Peter Kretzman has a nice post in his series on #NoEstimates. Peter and I share a skepticism of "making decisions in the absence of estimating the cost and impact" of those decisions. In Peter's current post there is a quote that is telling.
Let’s use Ron Jeffries’ statement as an example of this stance:
“Estimates are difficult. When requirements are vague — and it seems that they always are — then the best conceivable estimates would also be very vague. Accurate estimation becomes essentially impossible. Even with clear requirements — and it seems that they never are — it is still almost impossible to know how long something will take, because we’ve never done it before. “
One of my 3 half time jobs is working in the space and defense program performance management domain, both embedded systems and enterprise IT systems. DOD is the largest buyer of ERP on the planet. In this domain we have a formal process for determining what went wrong. The department looking after this is called Performance Assessment and Root Cause Analysis (PARCA). PARCA provides Root Cause Analysis for programs that have gone Nunn McCurdy as we would say.
When you read the reports from Rand and Institute for Defense Analyses on N-M breaches, requirements instability is in the top 5 as root causes.
It seems to me - in my narrow minded program performance management view of the world - that unstable requirements being used as the reason for vague estimates is so obvious a problem that has been completely ignored by the #NoEstimates advocates. It's like the olde saw
Doctor, Doctor it hurts when I do this (make estimates in the presence of vague requirements). Then stop doing that!
The notion of Capabilities Based Planning is missing in many software organizations. So having vague requirements is a natural outcome of not having definitive understanding of what Capabilities the system must provide, in units of measure meanigful to the decision makers. These units are:
- Measures of Effectiveness - are the operational measures of success that are closely related to the achievements of the mission or operational objectives evaluated in the operational environment, under a specific set of conditions. MOE's are stated in units meaningful to the buyer, focus on capabilities independent of any technical implementation, are connected to the mission success.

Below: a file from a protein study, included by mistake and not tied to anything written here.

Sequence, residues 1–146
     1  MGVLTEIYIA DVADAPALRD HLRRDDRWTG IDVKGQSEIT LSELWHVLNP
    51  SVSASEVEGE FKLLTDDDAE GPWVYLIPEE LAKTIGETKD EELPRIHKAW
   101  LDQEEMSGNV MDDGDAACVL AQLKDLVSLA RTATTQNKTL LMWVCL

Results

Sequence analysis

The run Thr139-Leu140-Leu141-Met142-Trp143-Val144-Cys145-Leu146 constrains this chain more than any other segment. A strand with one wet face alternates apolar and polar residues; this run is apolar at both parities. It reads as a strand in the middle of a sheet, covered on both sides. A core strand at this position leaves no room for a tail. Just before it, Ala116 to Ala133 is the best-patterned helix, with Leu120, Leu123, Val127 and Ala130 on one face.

- Measures of Performance - characterize physical or functional attributes relating to the system operation, measured or estimated under specific conditions. Measures of Performance are attributes that assure the system has the capability and capacity to perform, and assess the system to assure it meets design requirements to satisfy the MoE.
Without these requirements have not home, are vague, and therefore create the root cause of bad estimates.
So what would a logical person do when working on a project that spends other peoples money, sometimes lots of other peoples money? Not Estimate? Does that sound like the corrective action to the root cause of the problems with software project success shortfall?
Not to me. It's the doctor, doctor this hurts paradigm. So until the root cause is determined, the corrective actions identified and applied, there can be no credible solution to the estimating problem. And there is a huge estimating problem in our domain, just read the N-M reports at RAND and IDA (Goggle nunn-mcurdy Rand or IDA to find them). Similar assessments of root causes can be found for enterprise IT from many sources.
The #NoEstimates advocates are attempting to solve the wrong problem with the wrong approach. They've yet to connect with the core process of writing software for money - MicroEconomics of software development. Here's a starting point to address the root casue rather than the symptom. Fixing the symptoms does nothing in the end. It just spends money, with no actonable outcomes. And that woudl be very counter to the principles of Agile.